What Is Truth?

When the Savior stood before Pontius Pilate, accused of treason, He explained to the Roman governor that His kingdom was not about worldly power:

To this end was I born, and for this cause came I into the world, that I should bear witness unto the truth. Every one that is of the truth heareth my voice (John 18:37).

In response, the governor replied disdainfully, “What is truth?” (John 18:38).

In a world of conflicting voices, it’s easy to become frustrated in our search to know the truth. If we’re not careful, that frustration can crystalize into cynicism. We can begin to doubt whether it is possible to know the truth. We might even wonder whether there is such a thing as objective reality.

Unscrupulous people try to foment that kind of cynicism in order to manipulate us. Consider the following:

  • Sherem: “No man knoweth of such things; for he cannot tell of things to come” (Jacob 7:7).
  • Korihor: “Behold, ye cannot know of things which ye do not see; therefore ye cannot know that there shall be a Christ” (Alma 30:15).

The strategy is simple: convince your audience that there is no objective reality or at least that they have no hope of detecting it, in hopes that they will abandon their search for truth.

In 1833, Joseph Smith received by revelation a concise definition of truth:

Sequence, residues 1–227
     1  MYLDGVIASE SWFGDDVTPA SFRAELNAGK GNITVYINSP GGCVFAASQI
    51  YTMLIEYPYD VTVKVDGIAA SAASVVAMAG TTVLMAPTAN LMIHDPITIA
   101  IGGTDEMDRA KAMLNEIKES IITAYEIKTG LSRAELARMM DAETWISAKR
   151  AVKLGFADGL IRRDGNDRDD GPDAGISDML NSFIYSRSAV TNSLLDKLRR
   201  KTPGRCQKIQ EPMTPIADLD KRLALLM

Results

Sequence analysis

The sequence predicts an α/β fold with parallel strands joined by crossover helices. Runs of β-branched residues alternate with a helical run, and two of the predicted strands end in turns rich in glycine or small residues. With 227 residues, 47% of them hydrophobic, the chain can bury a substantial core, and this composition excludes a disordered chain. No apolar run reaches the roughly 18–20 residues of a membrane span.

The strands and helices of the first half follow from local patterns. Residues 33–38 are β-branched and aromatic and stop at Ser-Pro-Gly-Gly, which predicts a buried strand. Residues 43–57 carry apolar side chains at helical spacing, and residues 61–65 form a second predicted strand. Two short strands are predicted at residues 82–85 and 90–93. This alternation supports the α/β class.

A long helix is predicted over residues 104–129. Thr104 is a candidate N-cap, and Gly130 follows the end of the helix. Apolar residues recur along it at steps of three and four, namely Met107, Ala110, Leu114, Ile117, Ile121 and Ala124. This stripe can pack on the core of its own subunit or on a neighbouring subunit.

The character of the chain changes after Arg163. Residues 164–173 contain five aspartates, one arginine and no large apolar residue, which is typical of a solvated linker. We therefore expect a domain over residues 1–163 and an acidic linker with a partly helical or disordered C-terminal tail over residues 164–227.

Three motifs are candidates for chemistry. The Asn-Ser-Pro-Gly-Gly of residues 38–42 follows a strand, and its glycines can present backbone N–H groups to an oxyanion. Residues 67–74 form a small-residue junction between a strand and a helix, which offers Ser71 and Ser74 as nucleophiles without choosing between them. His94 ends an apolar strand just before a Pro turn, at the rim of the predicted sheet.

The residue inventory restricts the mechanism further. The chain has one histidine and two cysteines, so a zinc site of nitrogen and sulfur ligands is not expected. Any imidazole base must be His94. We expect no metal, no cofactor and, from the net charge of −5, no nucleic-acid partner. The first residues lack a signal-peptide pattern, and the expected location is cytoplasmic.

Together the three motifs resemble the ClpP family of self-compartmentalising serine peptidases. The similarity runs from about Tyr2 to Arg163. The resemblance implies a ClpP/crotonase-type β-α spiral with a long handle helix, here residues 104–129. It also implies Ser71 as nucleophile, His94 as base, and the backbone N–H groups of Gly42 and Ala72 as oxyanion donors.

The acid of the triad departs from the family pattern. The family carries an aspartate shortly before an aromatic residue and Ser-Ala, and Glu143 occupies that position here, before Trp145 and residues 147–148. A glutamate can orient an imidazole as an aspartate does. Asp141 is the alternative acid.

And truth is knowledge of things as they are, and as they were, and as they are to come (Doctrine and Covenants 93:24).

In the Book of Mormon, the prophet Jacob provided a similar definition:

The Spirit speaketh the truth and lieth not. Wherefore, it speaketh of things as they really are, and of things as they really will be (Jacob 4:13).

In a way, it seems strange to define truth. It’s such a simple concept: It’s just the way things are. But in a world where the concept of objective truth is regularly attacked, it is sometimes important to return to first principles.

Elder D. Todd Christofferson has warned that moral relativism, which he defined as “the view that ethical or moral truths…depend on the attitudes and feelings of those who hold them” can cause us to ignore our conscience.

He described his own experience as the law clerk to U.S. District Court Judge John J. Sirica, who presided over the trial of the Watergate burglars and who ordered President Richard Nixon to turn over his recordings of relevant White House conversations. As President Nixon’s involvement in the crime and subsequent cover-up became clearer, Elder Christofferson wondered how the president had allowed this to happen.

He concluded the following: